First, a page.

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vaquita porpoise The US Trade Representative's Office noted that at least six but likely fewer than 19 vaquita marina porpoises remain in the Gulf of California.

US activates trade pact measure for failing to protect endangered porpoise

US could impose trade sanctions if Mexico found in violation of its USMCA commitments

The United States government is seeking talks with Mexico due to concerns that it may be violating North American trade pact environmental commitments by not adequately protecting the near-extinct vaquita marina porpoise.

The Office of the United States Trade Representative (USTR) announced Thursday that it was requesting environmental consultations with the Mexican government in accordance with provisions in the environment chapter of the United States-Mexico-Canada Agreement (USMCA).

“These consultations concern Mexico’s USMCA environment chapter obligations relating to the protection of the critically endangered vaquita porpoise, the prevention of illegal fishing and trafficking of totoaba fish,” the USTR said in a statement.

The federal government faced criticism last year after abandoning a policy of maintaining a fishing-free zone in the upper Gulf of California, the only area in which the vaquita lives.

Trade Representative Katherine Tai said the USTR was requesting the discussions to “ensure Mexico lives up to its USMCA environment commitments.”

United States Trade Representative Katherine Tai
United States Trade Representative Katherine Tai. Katherine Tai Twitter

“We look forward to working with Mexico to address these issues,” she said.

It is the first time that environmental consultations have been requested under the agreement.

The USTR noted that the most recent data indicate that at least six but likely fewer than 19 vaquita remain.

The species is threatened by illegal totoaba fishing, as well as shrimp fishing, because vaquitas are vulnerable to becoming entangled in gillnets and dying.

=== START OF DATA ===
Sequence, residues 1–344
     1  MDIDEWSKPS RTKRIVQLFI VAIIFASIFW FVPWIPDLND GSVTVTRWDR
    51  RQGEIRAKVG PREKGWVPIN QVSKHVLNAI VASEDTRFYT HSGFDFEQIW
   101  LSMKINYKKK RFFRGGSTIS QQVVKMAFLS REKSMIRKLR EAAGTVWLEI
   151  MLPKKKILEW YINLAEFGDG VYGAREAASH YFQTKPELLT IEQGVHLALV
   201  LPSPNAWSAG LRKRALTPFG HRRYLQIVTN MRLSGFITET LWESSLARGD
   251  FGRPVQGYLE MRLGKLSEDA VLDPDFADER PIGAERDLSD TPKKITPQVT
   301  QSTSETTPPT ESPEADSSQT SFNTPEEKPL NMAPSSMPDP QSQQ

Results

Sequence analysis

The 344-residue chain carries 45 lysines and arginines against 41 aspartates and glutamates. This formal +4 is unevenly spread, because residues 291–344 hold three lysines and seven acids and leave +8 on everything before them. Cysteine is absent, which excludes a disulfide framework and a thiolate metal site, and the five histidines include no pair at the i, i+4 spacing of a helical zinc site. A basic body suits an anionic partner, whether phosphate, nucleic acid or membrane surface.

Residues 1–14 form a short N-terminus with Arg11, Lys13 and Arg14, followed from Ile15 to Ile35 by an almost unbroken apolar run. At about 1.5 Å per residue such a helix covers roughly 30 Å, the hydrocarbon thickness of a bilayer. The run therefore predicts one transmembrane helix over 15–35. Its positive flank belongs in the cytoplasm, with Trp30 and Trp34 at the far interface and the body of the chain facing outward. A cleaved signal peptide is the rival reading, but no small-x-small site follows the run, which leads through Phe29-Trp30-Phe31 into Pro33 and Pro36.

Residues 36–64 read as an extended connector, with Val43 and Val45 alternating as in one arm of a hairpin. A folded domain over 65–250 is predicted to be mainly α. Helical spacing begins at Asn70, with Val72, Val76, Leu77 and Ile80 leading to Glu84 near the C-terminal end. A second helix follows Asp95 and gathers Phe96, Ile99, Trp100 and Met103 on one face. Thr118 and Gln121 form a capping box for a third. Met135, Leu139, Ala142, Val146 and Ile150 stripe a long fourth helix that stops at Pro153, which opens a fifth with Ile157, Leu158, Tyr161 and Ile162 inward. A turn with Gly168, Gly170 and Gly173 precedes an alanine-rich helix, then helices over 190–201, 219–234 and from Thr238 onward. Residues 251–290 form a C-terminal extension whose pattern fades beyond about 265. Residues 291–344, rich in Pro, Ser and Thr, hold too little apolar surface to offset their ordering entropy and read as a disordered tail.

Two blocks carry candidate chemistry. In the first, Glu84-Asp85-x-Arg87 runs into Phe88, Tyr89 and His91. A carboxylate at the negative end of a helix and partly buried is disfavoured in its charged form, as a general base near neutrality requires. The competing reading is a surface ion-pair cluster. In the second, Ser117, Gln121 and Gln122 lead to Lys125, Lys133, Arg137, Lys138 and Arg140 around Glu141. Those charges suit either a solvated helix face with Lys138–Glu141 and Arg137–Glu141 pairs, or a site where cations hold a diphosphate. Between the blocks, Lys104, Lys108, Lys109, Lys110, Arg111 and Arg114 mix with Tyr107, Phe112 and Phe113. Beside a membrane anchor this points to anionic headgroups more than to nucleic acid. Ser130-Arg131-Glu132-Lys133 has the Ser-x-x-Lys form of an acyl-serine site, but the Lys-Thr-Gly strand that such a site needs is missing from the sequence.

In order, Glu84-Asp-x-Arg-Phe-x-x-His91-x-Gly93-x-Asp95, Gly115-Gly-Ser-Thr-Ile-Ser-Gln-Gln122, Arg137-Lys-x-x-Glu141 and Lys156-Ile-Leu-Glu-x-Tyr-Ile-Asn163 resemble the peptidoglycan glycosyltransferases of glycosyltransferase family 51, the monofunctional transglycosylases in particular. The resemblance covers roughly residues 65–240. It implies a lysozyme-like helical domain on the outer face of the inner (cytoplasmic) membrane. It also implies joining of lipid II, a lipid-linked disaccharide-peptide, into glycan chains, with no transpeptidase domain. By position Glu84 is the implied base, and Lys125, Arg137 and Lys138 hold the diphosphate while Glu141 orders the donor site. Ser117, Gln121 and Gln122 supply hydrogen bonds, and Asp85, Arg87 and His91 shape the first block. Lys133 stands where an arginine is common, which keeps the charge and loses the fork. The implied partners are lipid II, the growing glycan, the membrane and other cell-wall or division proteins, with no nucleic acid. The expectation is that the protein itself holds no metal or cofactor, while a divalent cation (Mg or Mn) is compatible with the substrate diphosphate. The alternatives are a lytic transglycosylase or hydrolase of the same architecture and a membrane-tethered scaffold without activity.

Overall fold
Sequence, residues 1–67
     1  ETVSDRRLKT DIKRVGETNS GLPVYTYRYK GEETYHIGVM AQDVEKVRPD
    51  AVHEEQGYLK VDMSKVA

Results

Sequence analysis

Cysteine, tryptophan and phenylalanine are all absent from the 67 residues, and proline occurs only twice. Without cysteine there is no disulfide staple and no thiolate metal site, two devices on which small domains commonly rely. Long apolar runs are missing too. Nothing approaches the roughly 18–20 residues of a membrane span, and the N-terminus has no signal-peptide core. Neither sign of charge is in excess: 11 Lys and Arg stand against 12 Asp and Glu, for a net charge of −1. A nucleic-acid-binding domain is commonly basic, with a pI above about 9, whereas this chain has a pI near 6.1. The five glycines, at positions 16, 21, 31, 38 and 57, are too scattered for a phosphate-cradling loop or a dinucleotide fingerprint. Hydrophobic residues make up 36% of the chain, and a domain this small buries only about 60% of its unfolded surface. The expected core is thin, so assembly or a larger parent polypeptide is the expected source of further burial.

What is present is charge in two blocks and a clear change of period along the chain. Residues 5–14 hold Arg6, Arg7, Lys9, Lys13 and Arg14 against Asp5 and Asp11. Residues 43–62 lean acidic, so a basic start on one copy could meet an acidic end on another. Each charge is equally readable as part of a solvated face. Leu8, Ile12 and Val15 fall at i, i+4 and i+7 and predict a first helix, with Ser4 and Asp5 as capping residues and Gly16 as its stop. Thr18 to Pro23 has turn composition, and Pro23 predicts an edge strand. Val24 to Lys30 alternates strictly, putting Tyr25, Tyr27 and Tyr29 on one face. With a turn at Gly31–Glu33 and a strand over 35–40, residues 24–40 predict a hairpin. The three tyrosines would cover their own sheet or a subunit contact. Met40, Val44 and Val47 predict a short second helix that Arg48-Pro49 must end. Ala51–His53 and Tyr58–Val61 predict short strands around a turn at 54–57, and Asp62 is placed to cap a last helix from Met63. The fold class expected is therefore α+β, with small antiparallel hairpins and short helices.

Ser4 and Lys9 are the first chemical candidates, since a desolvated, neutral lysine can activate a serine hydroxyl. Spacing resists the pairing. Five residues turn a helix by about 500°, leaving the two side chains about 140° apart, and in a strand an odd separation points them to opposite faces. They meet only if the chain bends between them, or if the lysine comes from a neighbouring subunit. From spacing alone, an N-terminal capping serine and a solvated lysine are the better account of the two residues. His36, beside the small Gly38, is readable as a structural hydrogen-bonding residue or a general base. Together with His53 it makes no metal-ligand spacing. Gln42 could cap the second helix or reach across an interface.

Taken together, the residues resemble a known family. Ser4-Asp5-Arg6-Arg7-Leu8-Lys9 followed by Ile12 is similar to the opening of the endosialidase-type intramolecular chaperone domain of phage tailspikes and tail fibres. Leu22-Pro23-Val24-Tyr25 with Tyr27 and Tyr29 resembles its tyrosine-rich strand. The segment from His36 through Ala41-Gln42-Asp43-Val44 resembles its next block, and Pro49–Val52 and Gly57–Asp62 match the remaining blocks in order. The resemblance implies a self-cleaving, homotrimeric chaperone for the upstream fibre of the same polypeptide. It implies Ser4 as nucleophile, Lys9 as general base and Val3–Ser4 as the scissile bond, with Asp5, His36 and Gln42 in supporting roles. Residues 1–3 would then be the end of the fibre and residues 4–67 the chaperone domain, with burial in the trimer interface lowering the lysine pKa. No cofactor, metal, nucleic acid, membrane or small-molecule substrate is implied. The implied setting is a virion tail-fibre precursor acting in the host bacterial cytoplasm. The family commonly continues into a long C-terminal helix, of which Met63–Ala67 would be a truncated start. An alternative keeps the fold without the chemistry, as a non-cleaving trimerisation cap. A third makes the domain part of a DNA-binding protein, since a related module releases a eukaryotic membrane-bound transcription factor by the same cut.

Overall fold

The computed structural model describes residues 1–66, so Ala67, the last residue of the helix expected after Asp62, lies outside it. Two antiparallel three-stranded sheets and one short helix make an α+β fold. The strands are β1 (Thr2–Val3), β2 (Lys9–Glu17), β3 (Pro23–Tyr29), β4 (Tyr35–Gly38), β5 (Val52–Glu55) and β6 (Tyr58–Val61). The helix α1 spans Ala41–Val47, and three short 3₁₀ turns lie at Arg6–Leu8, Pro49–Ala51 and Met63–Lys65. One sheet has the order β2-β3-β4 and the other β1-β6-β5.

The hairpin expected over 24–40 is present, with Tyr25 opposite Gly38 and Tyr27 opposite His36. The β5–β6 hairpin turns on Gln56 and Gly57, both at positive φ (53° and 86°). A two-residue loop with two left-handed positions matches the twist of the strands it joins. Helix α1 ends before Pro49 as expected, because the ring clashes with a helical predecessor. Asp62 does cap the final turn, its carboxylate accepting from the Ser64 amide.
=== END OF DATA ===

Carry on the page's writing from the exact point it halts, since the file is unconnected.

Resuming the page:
The swim bladder of the totoaba, a large member of the drum family, is highly sought after in parts of Asia, especially China, where it sells for thousands of dollars per kilogram. The opportunity for fat profits has attracted Mexican drug cartels, whose members conspire with Chinese traffickers.

“… While Mexico has adopted environmental laws designed to prevent illegal fishing in the Upper Gulf of California, to prevent trafficking of protected species such as the totoaba and to protect and conserve the vaquita, available evidence raises concerns that Mexico may not be meeting a number of its USMCA environment commitments,” the USTR said.

The Mexican Economy Ministry (SE) acknowledged the United States’ request in a statement.

It said it would “coordinate the work between the different Mexican and United States authorities with the objective of opportunely presenting the efforts and measures adopted to protect marine species in national waters.”

“The government of Mexico reaffirms its commitment to the correct implementation of the USMCA,” the SE said.

If the U.S. and Mexico fail to reach a resolution during consultations, an expert panel could be tasked with ruling whether the latter is breaching its USMCA commitments. If it decides that is the case, the United States could impose trade sanctions on Mexico.

The two countries also have issues to address in the Gulf of Mexico.

A United States government ban on Mexican fishboats entering U.S. ports took effect Monday due to illegal fishing in U.S. waters. According to the U.S. government, Mexico hasn’t done enough to stop Mexican boats fishing red snapper in U.S. territorial waters.

With reports from El Universal 

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